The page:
|Distance:||10.5 km or 6.5 miles|
|Ascent:||803m or 2635ft|
Great Walk up Coniston Old Man today sun shining cold and snow on ground returned via Goats Water and back onto Walna rd Need to find the best kind of crampons for this kind of walking.
Comments please on types of crampon or micro spikes
Can't comment on crampons (I suspect Beth might be later) but when there's a bit of snow about I've got a pair of basic Kahtoola Microspikes which do me nicely.
I see that they've expanded their range a bit since I bought my pair.
Proper climbing crampons will definitely give you the best possible grip on hard steep snow/ice, but you have to weigh up the pros and cons. i.e.: -
Do you actually need full-on "proper" crampons for the type of walking you do?
They are expensive.
They need to be the correct type to suit your boots. (i.e if your boots aren't 4 season rigid sole climbing boots, then you won't be able to use the step-in or hybrid type, and will need a suitable strap on pair.
They should be used in combination with an ice-axe to give the best functionality.
The correct use of crampons/ice-axe requires a certain amount of knowledge. - I.E. they can be very dangerous to the user if not used correctly. (Need to know proper self-arrest techniques etc. etc.).
Very good "all-round - general usage" crampons that would be suitable for most walking boots would be something like Grivel Monte Rosa New Classic, or Grivel G1 New Classic.
However, if your walks don't include winter scrambles such as Striding Edge, Swirral Edge, Jack's Rake etc. and are on less steep terrain where walking poles might be more useful than an ice-axe, then microspikes will probably do everything that you need.
You should to be aware though, that in soft snow, microspikes are sometimes prone to "balling up", where snow builds up on the spikes and chains, markedly reducing their effectiveness. In such circumstances you have to regularly clear that balled-up snow away by banging on the side of the boot, or banging boots together. (In comparison, most proper climbing crampons these days have anti-balling plates as standard fitments).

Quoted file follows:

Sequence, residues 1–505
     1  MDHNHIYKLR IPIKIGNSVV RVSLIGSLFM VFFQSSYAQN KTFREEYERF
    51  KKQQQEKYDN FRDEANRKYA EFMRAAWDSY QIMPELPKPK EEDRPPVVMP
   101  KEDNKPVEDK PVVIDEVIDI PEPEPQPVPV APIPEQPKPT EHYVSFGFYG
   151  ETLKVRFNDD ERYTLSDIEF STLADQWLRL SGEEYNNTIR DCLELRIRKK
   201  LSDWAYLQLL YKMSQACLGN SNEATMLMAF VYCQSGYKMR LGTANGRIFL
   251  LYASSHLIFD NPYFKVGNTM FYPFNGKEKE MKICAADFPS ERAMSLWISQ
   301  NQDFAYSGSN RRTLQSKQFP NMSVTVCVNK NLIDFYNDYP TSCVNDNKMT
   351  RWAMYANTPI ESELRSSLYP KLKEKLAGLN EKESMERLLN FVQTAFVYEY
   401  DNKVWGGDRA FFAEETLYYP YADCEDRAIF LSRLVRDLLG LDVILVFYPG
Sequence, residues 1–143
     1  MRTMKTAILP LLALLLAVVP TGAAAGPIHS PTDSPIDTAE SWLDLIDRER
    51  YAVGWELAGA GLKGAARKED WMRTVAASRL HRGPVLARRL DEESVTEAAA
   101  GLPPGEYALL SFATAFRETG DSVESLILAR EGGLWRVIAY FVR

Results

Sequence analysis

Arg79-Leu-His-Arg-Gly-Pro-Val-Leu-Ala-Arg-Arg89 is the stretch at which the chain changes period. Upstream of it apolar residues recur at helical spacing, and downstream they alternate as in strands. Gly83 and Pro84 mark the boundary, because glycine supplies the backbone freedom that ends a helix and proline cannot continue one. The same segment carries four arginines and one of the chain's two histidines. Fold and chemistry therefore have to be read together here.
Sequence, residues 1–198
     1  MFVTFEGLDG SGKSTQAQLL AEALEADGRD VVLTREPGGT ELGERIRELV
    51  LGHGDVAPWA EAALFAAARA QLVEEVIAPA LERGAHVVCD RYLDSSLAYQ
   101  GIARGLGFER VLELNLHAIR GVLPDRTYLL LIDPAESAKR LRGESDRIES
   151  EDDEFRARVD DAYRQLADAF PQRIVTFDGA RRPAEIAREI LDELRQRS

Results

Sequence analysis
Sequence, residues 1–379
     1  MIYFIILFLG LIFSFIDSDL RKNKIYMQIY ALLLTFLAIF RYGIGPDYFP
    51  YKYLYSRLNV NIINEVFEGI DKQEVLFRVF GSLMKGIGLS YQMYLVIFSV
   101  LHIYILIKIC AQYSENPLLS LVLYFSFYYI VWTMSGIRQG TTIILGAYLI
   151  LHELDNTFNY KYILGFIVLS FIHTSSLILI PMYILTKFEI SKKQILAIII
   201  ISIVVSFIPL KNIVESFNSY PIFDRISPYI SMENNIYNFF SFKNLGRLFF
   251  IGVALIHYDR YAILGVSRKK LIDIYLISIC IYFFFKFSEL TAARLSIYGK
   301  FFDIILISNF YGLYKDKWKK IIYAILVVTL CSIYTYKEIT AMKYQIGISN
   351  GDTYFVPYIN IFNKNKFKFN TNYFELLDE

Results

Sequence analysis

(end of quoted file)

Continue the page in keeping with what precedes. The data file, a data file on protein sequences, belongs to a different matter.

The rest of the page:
Where microspikes really come in handy, is on very compacted snow or water-ice, such as is often found on the long sections of "pitched" paths that are regularly encountered these days.
I note that Paul uses Kahtoola Microspikes.
When not needing full-on crampons, I use a pair of "Outad Strap Type Crampons", which are pretty much identical to the Kahtoola Microspikes - but can be had for about a third of the price!
I got mine just over two years back. They are still regularly used and going strong after much use and abuse! See: - https://www.amazon.co.uk/OUTAD-Crampons ... e+Crampons
My review of the product, (27 November 2015), is at the top of the reviews list below the product description. - I still think they are a superb item for what they cost).
Kahtoola Microspikes are brilliant at what they do, which is low angled icy paths. Take them on snow and they ball up quickly. On more angled terrain they can instill a false sense of security. Kahtoola also do a couple of sets of hiking crampons which do not have front points - a safety feature if you are prone to being a bit clumsy... You need to buy the anti-balling plates separately. They also do an extra flexible bar for bendy footwear, I.E boots or shoes that are not crampon rated. Think Needlesports do them. There's also the Grivel range, the G10 being aimed at hiking and these do have front points. Their Classic binding is the one to go for if you have ordinary relatively stiff boots.
Now the thing with crampons is knowing how to use them and their limitations. Along with crampons, winter walking means an ice axe and the ability to use them competently. A winter skills course, even a 1 or 2 day introduction will set you off on the right path, as it were. Some of the bigger providers like PYB and Glenmore Lodge have kit you can borrow.
Thanks guys, great info there and very useful. I was looking at the G10 and the outad micro spikes